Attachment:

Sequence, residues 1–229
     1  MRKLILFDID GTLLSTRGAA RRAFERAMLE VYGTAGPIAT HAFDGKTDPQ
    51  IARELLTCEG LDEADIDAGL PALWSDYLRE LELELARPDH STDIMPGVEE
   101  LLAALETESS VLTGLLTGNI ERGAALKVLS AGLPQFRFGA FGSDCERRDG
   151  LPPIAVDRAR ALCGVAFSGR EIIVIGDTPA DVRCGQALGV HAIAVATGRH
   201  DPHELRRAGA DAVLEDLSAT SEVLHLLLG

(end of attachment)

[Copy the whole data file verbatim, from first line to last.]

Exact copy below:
Sequence, residues 1–229
     1  MRKLILFDID GTLLSTRGAA RRAFERAMLE VYGTAGPIAT HAFDGKTDPQ
    51  IARELLTCEG LDEADIDAGL PALWSDYLRE LELELARPDH STDIMPGVEE
   101  LLAALETESS VLTGLLTGNI ERGAALKVLS AGLPQFRFGA FGSDCERRDG
   151  LPPIAVDRAR ALCGVAFSGR EIIVIGDTPA DVRCGQALGV HAIAVATGRH
   201  DPHELRRAGA DAVLEDLSAT SEVLHLLLG